Wednesday, January 28, 2015

January's Thoughts on What I Already Have

I was dead set on getting a YMCA membership this January until Paul and I were looking at the numbers for our new budget.  This was a month ago at the tail end of December and at the end of a year where I had really struggled, truly needed a perk like the Y to pull me into a new year.  I had my eyes on a gym membership since the twins were born (day care for 3 kids: enough said), but now I had my eyes on these budget numbers and that shifted my needs a bit.

It's okay to say I struggled last year.  I feel like there's this terrible burden in our culture to make sure the choices we make are at all times spoken of as "really awesome!" from our lips even when our hearts and minds are a bit messier.  I'm okay saying that going from working mom dropping my one kid off early and picking him up late to stay at home mom to three <deep breath> adorable boys who run and shoot at each other with invisible guns on the regular has been a transition.  I'm building mommy muscles. That takes some time.

Really though, those tough bits about last year was all Paul's travel.  It turned out to be about 2, sometimes 3, weeks a month, and at the time I was like "no big deal, I've got this".... and then he didn't travel from mid-December until this week and woooooooooah, okay, I get it.  I'll just say it.  Not having him here is a lot more difficult than I realized.  But anyway,  my complaining is just to say that the Y = freedom and = day care and = exercise to clear my mind from all that gun shooting and = I'm finally going to feel fabulous in a swimsuit post-baby belly this year! Okay, the last one is a stretch. 

But those numbers.  Did we have the money? Oh yeah.  Could we "afford" it? Yes.  But dreams.  I've got some. Dreams bigger than me being strapped to a membership fee, larger than what we can or can't afford.  So I said no to the Y and went back to the drawing board, and I realized we already had so much. Namely this:

a great neighborhood for walking

The first hobby Paul and I shared was walking the trail that is at the edge of the current neighborhood we live in.  We walked often & I treasure that time we had together.  That trail is awesome.  In fact, he proposed in the middle of a walk on that trail, in a hidden, wooded spot at the edge of the park as we sat on the roots of a tree and dipped our feet into the cool waters of a creek.  The diamond sparkled from the light peeking through the tops of trees. Pretty magical in my book.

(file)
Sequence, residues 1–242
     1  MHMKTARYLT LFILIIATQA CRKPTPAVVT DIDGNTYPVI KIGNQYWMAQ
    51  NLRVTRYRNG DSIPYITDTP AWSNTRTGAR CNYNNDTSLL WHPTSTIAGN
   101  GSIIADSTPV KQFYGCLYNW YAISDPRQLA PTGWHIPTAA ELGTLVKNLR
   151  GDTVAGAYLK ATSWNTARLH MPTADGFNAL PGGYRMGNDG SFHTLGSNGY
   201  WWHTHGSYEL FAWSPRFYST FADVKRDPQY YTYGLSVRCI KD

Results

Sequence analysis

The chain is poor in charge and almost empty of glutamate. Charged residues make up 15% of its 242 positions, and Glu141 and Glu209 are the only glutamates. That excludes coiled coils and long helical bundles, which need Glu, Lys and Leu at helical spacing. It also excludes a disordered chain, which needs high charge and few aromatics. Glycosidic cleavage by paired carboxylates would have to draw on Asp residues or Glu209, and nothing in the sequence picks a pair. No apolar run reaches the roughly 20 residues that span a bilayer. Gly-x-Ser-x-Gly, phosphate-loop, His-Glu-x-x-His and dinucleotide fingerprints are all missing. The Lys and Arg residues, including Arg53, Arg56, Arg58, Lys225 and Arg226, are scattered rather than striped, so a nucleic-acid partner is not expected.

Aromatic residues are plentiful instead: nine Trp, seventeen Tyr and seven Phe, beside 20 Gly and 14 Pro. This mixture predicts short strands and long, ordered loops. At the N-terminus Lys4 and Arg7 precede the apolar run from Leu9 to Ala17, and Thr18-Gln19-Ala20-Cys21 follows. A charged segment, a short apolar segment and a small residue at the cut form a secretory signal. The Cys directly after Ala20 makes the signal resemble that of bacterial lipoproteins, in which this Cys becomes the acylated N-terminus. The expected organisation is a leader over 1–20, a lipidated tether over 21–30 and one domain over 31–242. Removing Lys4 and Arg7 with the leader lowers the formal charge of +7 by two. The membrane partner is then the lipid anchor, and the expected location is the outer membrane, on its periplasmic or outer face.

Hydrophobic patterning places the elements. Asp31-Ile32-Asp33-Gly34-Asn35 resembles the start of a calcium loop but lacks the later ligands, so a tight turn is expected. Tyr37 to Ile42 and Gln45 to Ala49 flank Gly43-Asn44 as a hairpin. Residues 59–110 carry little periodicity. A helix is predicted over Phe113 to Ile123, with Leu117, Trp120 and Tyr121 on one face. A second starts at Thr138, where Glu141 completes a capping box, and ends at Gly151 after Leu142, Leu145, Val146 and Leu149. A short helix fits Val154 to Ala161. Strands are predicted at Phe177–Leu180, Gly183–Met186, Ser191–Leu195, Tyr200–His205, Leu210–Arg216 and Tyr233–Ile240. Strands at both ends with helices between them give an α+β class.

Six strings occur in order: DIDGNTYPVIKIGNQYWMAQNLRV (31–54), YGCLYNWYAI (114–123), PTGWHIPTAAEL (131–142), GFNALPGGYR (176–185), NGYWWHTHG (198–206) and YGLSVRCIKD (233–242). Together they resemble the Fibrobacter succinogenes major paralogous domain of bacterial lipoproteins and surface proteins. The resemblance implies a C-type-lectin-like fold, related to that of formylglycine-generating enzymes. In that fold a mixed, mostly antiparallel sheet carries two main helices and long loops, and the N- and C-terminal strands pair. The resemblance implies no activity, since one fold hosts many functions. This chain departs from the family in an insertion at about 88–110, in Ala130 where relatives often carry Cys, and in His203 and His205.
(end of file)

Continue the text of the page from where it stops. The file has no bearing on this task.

I used to walk Thomas to the park and back during summer days and when it's warm we like to hop on our bikes as a family and take the trail out for miles.  But just as great is the layout of our neighborhood.  We couldn't afford a gated community (bahaha...understatement), but ours has a little secret you might not realize unless you come visit:  It was intentionally designed to discourage drive-thru traffic.  Yes, it's super close to the mall and grocery stores and everything in town,  but no one drives thru because it is a winding maze of streets just for use of its residents. It's brilliant, really.  

So guys. I've been waking early. 5 am every day. I've been reading, writing, and walking.  Anytime it is at least 25 degrees and not precipitating, I'm out there.

I've walked in the fog and on ice.  I've spied a fox run back home, two creatures I couldn't quite make out slink back into the sewer (a sight to make you shiver at 5:30 in the dark morning), and a little adorable beaver hauling teeny bits of twigs and things to build up his palace.

I've listened to a couple dozen podcasts, walked nearly 50 miles, and friggin' danced on the streets to Beyonce's Upgrade You.  I've said a well-deserved "good morning" to dozens of my fellow early-rising neighbors. I've crossed paths with the curious fellow who zig-zag exercises across the street.

I've watched the ducks walk gingerly across the barely frozen pond. I've breathed cold air of hope into the coming day.  I've watched the day roll out in a dark blue, lighting the tips of trees on fire with the smallest of notes that this new day has arrived and it is beautiful.